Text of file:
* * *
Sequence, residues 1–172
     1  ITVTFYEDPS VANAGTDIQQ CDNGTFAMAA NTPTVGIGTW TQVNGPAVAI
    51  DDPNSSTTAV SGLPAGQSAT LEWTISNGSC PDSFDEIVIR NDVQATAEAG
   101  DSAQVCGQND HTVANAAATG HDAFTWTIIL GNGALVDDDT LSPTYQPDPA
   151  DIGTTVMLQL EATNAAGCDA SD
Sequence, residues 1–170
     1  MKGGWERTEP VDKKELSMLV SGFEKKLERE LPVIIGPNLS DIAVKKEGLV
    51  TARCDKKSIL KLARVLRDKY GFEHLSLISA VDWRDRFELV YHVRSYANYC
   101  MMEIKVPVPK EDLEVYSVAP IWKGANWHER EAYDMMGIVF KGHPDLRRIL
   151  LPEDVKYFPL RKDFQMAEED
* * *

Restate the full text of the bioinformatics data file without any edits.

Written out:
Sequence, residues 1–172
     1  ITVTFYEDPS VANAGTDIQQ CDNGTFAMAA NTPTVGIGTW TQVNGPAVAI
    51  DDPNSSTTAV SGLPAGQSAT LEWTISNGSC PDSFDEIVIR NDVQATAEAG
   101  DSAQVCGQND HTVANAAATG HDAFTWTIIL GNGALVDDDT LSPTYQPDPA
   151  DIGTTVMLQL EATNAAGCDA SD
Sequence, residues 1–170
     1  MKGGWERTEP VDKKELSMLV SGFEKKLERE LPVIIGPNLS DIAVKKEGLV
    51  TARCDKKSIL KLARVLRDKY GFEHLSLISA VDWRDRFELV YHVRSYANYC
   101  MMEIKVPVPK EDLEVYSVAP IWKGANWHER EAYDMMGIVF KGHPDLRRIL
   151  LPEDVKYFPL RKDFQMAEED